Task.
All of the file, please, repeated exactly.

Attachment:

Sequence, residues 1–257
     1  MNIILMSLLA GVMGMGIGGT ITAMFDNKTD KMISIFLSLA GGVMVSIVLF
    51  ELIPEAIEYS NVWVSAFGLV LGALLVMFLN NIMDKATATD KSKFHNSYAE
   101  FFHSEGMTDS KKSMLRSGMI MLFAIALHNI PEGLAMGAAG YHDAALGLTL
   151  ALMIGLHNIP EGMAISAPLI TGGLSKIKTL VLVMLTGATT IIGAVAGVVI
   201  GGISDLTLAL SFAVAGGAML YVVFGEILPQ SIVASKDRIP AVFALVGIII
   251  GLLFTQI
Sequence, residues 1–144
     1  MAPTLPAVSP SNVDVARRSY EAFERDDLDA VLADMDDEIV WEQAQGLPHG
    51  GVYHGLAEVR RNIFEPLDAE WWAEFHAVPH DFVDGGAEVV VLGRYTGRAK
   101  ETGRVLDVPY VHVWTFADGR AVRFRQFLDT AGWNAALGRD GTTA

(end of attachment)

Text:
Sequence, residues 1–257
     1  MNIILMSLLA GVMGMGIGGT ITAMFDNKTD KMISIFLSLA GGVMVSIVLF
    51  ELIPEAIEYS NVWVSAFGLV LGALLVMFLN NIMDKATATD KSKFHNSYAE
   101  FFHSEGMTDS KKSMLRSGMI MLFAIALHNI PEGLAMGAAG YHDAALGLTL
   151  ALMIGLHNIP EGMAISAPLI TGGLSKIKTL VLVMLTGATT IIGAVAGVVI
   201  GGISDLTLAL SFAVAGGAML YVVFGEILPQ SIVASKDRIP AVFALVGIII
   251  GLLFTQI
Sequence, residues 1–144
     1  MAPTLPAVSP SNVDVARRSY EAFERDDLDA VLADMDDEIV WEQAQGLPHG
    51  GVYHGLAEVR RNIFEPLDAE WWAEFHAVPH DFVDGGAEVV VLGRYTGRAK
   101  ETGRVLDVPY VHVWTFADGR AVRFRQFLDT AGWNAALGRD GTTA